Questionnaire: What Field of Psychology Suits You Best?
Choosing to study psychology is an important step and not one that should be taken lightly. If you are considering making a career as a psychologist, you will need to understand not only the different types of psychology, but also your own character.
A good psychologist understands themselves just as much as any of their patients. Indeed, the vast majority of clinical psychology courses require their students to undertake a period of self development to ensure that they do not transpose any of their own issues onto their patients and that they have dealt with any underlying issues that may surface during the course.
Psychology is the study of mind and behaviour. There is a great many differing approaches to psychology, all with their own followers, beliefs and methods of development. Different psychological perspectives offer different explanations and angles from which to learn more about ourselves and others, so it is imperative that you appreciate which field of psychology will allow you to grow and share your knowledge in the most productive, beneficial manner.
A career in psychology is often a choice made by mature students or people that have already worked in a related field, such as counselling, mental health support or teaching. This means that many people thinking of making psychology their career may already have a specialist area of interest that they are looking to pursue.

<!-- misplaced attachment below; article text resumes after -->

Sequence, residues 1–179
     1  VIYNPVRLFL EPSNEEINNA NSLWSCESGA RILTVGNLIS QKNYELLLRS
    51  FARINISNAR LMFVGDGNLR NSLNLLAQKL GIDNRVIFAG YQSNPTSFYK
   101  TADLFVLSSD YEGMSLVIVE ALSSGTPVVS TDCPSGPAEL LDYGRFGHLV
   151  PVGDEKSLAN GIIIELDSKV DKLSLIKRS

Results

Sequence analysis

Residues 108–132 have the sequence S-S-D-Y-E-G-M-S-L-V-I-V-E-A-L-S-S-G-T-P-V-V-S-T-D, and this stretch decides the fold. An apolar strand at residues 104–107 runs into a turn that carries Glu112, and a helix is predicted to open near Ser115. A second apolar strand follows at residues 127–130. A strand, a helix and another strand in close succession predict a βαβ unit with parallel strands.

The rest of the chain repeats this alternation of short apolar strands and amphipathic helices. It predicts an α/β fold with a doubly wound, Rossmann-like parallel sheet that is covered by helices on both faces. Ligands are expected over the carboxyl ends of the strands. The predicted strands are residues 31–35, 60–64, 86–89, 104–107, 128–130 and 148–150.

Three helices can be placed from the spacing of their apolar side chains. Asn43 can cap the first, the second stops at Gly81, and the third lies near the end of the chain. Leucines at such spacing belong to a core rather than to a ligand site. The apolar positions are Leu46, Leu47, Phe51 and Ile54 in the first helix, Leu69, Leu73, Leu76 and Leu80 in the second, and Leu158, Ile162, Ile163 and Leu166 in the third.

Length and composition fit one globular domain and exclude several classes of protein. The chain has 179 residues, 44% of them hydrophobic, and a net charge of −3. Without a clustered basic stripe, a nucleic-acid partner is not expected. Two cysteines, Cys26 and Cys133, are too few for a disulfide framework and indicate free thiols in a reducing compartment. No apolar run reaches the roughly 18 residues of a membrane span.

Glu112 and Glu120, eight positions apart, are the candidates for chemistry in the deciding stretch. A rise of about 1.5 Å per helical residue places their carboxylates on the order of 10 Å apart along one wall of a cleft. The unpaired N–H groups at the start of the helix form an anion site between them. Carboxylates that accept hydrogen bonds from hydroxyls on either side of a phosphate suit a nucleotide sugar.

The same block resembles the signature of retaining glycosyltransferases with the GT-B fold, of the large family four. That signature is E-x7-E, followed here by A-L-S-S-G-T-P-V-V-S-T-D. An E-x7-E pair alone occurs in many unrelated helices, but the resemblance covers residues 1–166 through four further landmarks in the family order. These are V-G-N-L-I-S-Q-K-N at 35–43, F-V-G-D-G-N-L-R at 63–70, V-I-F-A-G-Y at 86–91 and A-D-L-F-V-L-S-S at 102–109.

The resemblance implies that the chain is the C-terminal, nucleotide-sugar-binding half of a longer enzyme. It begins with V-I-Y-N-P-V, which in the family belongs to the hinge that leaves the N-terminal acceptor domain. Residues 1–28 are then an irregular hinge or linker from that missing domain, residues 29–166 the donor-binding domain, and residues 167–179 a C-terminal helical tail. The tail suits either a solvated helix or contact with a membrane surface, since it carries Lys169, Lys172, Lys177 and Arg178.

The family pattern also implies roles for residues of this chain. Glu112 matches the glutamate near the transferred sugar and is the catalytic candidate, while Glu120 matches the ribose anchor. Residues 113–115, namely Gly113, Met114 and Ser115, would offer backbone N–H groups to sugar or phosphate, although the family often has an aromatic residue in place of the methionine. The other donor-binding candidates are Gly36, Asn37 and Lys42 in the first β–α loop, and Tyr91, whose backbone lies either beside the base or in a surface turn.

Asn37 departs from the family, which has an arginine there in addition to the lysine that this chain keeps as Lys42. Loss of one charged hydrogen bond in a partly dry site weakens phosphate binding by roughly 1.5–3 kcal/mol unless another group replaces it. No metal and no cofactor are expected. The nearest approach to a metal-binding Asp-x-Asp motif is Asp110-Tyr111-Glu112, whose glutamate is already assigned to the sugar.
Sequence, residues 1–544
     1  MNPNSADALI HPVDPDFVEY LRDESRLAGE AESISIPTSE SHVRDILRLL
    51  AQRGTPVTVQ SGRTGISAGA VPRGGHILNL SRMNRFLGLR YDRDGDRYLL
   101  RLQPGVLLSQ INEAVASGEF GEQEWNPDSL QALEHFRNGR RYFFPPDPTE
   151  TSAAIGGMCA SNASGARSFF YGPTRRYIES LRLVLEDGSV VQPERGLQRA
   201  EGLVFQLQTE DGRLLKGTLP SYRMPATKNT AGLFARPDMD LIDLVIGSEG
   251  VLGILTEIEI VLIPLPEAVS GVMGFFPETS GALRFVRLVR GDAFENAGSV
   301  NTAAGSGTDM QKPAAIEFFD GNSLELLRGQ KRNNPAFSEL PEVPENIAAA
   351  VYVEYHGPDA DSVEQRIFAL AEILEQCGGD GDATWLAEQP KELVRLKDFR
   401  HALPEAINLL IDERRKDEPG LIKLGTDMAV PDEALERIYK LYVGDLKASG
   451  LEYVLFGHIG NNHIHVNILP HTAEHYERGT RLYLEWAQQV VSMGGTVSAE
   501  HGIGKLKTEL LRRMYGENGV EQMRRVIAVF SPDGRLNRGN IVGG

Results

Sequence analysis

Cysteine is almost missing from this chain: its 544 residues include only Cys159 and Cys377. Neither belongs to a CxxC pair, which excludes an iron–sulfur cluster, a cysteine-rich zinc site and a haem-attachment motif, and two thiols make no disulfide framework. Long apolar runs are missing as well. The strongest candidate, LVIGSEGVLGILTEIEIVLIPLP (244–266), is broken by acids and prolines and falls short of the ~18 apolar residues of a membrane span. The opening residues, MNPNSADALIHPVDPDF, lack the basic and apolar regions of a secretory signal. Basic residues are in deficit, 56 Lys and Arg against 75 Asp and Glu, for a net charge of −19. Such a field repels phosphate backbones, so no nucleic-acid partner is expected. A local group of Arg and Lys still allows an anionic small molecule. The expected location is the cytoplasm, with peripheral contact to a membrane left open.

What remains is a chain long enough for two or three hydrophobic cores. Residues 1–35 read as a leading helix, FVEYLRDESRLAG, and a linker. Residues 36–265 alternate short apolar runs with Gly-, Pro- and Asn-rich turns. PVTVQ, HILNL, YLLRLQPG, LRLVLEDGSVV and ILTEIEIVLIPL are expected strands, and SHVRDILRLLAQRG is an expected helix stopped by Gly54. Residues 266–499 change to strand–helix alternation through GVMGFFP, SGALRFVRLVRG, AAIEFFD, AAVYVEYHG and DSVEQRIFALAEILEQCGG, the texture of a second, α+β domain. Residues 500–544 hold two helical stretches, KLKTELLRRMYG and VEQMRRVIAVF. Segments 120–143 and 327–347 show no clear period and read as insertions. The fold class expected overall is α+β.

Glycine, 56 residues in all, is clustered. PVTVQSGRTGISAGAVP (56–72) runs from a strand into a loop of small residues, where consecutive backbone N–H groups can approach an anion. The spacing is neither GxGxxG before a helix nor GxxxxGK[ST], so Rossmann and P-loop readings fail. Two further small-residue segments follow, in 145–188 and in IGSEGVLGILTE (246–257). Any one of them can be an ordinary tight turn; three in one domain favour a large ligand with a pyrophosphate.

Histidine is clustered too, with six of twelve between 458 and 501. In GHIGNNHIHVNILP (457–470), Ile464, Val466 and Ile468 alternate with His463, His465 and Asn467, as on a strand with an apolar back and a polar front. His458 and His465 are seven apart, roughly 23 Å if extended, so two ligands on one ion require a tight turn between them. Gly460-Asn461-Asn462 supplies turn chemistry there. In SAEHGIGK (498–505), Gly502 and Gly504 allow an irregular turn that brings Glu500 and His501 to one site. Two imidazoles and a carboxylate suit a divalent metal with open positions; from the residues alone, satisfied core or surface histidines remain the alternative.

If, however, you are thinking about psychology as a career choice and are yet to know which field would suit your best, work through the following questions to help you decide.
1) Do You Want To Work With Children?Child psychology is a very important field, widely considered to have been started by British psychoanalyst John Bowlby in the late 1950s, offering a range of theories for the problematic and emotional issues suffered by children.
Child psychology can be a very rewarding field, knowing that you are helping to support and nurture children who may otherwise have a very difficult adulthood ahead.
2) Do You Want To Work With Adults?If you are interested in the issues that surround childhood and its affect on people, but do not actually want to work with children, behavioural psychology is also for adults. Modern psychologies such as CBT and CAT therapy are now available on the NHS, although there are long waiting lists for these highly successful ‘talking treatments’.
3) Do You Want To Continue To Study?Many practicing psychologists miss the continual personal and professional development of studying and choose to take additional training to enhance their qualifications. Indeed, many private practices encourage their psychologists to stay on top of current developments in their field in order to offer their patients the very latest in modern thinking.
If you are passionate about psychology but do not want to actually be a psychologist that, either in the NHS or private practice, has patients, you may prefer to research and write on your specialist subject. Some academic psychologists prefer to continue with established works and take them in a new direction and others look to establish their own theories.